VIENNA, 9 December 2009 - On the International Day against Corruption, the Executive Director of the United Nations Office on Drugs and Crime (UNODC), Yury Fedotov, urged the private sector to make more effective use of the United Nations Convention against Corruption - the world's strongest legal instrument to build integrity and fight corruption. The Convention, which came into force in December 2005 and has 147 Parties, includes strong measures to prevent and fight corruption applicable to both the private and public sectors.
Corruption threatens the transparent and fair conduct of business. Economic crime seems to be on the increase. The Convention can help companies to build oversight and curb financial crime such as bribery, counterfeiting, major procurement fraud, money-laundering, embezzlement and tax evasion.
Secretary-General Ban Ki-moon stressed that fighting corruption is a shared responsibility that requires cooperation between all stakeholders to achieve the Millennium Development Goals but cautioned: "The private sector can play a key role in fostering development, but it is lagging behind the public sector in its efforts to stop corruption."
Corruption poses serious threats to society. But the economic impact of graft is no less damaging. "Private-sector corruption distorts markets, stifles economic growth and discourages foreign investment. It can damage the environment and public health. It holds back development and the achievement of prosperity" said Mr. Ban. Importantly, the Convention includes guidance for the private sector that can make it part of the solution rather than merely a victim of corruption.
So there is every incentive for the private sector to act since stronger economies and more prosperous societies are good for business. And payoffs are a form of illegal tax. "Corruption eats into profits; it is a hidden overhead charge that increases prices and reduces product quality. Corruption undermines business confidence and corporate integrity and destroys the reputations of respected companies," said the Secretary-General.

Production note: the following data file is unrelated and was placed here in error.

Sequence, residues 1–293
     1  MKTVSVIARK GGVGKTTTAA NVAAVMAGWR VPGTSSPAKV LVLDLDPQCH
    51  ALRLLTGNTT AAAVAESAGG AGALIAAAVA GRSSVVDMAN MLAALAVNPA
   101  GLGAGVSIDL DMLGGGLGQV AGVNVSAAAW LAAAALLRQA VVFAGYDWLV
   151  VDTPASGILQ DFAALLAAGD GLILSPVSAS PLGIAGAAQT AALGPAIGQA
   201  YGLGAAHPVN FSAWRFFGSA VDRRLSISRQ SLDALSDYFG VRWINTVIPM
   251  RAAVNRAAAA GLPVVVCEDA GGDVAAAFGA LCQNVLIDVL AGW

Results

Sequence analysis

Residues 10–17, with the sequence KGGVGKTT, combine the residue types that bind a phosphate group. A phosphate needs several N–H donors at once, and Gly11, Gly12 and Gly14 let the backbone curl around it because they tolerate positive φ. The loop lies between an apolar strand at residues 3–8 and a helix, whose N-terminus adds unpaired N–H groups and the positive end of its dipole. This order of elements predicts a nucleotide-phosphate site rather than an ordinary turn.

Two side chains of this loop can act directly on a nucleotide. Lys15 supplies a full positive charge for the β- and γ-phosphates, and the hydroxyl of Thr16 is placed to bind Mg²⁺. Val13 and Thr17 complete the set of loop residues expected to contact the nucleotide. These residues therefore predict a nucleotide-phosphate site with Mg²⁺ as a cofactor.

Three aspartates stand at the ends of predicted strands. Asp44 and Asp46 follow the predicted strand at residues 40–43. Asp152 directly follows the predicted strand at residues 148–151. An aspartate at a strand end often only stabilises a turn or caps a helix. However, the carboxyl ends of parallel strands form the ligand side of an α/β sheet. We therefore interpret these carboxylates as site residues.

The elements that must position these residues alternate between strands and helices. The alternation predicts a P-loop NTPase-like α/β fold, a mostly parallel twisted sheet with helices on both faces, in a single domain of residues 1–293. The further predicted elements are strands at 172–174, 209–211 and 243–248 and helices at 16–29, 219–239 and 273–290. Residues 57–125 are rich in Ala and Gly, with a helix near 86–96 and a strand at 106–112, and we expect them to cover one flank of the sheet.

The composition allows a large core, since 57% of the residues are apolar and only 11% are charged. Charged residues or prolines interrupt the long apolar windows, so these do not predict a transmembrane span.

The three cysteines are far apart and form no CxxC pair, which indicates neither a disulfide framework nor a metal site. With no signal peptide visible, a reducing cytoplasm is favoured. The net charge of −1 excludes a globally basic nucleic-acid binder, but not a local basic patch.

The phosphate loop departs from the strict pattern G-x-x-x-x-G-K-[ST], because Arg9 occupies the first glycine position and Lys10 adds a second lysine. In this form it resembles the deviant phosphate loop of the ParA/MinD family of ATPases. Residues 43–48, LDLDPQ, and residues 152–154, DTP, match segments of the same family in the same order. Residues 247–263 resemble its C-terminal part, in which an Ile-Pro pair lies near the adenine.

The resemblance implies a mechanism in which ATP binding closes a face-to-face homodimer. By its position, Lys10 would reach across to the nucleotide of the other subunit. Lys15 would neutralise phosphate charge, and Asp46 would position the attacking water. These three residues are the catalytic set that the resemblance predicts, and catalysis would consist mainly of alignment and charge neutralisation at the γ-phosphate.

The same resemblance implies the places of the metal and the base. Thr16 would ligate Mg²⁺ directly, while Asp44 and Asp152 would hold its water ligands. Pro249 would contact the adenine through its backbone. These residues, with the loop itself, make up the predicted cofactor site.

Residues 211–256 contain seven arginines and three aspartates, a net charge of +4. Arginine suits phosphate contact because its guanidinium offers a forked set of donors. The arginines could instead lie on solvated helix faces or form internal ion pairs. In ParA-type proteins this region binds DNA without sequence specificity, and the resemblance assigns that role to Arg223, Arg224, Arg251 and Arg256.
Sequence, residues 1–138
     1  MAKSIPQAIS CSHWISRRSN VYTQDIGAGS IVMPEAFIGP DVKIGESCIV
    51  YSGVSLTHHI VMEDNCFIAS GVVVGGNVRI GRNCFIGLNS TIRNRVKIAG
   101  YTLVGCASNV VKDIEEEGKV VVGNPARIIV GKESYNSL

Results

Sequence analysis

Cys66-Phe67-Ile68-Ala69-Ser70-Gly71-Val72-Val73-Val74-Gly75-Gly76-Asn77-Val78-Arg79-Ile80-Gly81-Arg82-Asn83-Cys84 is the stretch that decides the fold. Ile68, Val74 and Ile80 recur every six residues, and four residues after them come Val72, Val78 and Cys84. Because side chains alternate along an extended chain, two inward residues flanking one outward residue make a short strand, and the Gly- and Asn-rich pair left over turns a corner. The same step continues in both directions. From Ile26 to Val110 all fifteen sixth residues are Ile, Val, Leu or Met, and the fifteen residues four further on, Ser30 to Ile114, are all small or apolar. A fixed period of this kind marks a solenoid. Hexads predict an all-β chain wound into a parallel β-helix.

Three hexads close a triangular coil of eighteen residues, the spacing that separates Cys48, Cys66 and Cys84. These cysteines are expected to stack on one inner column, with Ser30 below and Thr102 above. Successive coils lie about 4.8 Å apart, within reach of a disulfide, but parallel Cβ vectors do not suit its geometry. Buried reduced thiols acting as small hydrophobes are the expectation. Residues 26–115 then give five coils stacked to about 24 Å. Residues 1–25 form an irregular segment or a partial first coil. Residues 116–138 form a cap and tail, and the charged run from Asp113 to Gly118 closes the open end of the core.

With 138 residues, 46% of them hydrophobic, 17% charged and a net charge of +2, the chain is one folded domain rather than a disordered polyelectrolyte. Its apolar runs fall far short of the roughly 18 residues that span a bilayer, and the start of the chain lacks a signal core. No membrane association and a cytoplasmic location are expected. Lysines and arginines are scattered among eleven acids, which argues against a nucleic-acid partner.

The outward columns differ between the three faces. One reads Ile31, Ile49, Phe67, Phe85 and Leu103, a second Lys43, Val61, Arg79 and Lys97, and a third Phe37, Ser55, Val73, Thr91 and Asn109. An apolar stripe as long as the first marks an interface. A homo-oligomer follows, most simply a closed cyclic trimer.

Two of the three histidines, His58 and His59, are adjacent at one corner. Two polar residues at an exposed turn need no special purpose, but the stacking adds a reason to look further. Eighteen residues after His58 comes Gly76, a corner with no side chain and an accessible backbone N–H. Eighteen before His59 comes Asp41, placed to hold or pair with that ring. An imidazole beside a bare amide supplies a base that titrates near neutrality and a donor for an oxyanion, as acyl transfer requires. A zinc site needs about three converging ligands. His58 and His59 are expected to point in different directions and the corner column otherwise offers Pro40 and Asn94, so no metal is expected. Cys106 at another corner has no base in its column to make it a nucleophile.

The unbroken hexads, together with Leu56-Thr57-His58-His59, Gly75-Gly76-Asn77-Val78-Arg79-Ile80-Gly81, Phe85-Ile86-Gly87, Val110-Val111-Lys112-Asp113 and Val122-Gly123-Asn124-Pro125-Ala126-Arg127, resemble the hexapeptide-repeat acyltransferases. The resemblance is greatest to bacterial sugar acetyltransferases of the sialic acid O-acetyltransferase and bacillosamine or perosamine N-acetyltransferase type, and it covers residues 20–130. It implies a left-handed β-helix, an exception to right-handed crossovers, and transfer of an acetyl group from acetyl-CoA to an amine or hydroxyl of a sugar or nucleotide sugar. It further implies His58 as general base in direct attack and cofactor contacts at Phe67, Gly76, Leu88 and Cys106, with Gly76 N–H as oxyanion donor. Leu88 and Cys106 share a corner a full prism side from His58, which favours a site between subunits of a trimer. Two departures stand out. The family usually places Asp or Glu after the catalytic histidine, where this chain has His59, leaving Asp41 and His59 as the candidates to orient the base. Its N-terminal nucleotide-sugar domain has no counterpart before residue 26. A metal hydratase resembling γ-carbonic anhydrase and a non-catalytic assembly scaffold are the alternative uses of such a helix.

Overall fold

Anti-corruption is now firmly established as one of the principles of the United Nations Global Compact - the largest corporate sustainability initiative in the world and one of the Organization's main interfaces with the business community. UNODC is helping "equip" the private sector to face its challenges. On this Day, it launched a product jointly with the UN Global Compact, an e-learning tool aimed at people who act on behalf of a company to deepen their understanding of the UN Convention against Corruption and the role of the private sector.
The private sector is taking steps to ensure transparency. Companies may increasingly be required to prove that they are responsible and reliable. Citizens are waking up to the fact that impunity for corrupt practices has gone on too long. Some banks have effectively scrapped secrecy laws, which are no longer an obstacle to money-laundering investigations. More private companies are establishing ethics and compliance programmes to build the foundations of an accountable work-force.
But much more needs to be done. "I challenge businesses to set the tone from the top with a zero-tolerance policy for corruption" said the Secretary-General. "Adopt anti-corruption policies in line with the UN Convention and put in place the checks and balances needed to strengthen integrity and transparency".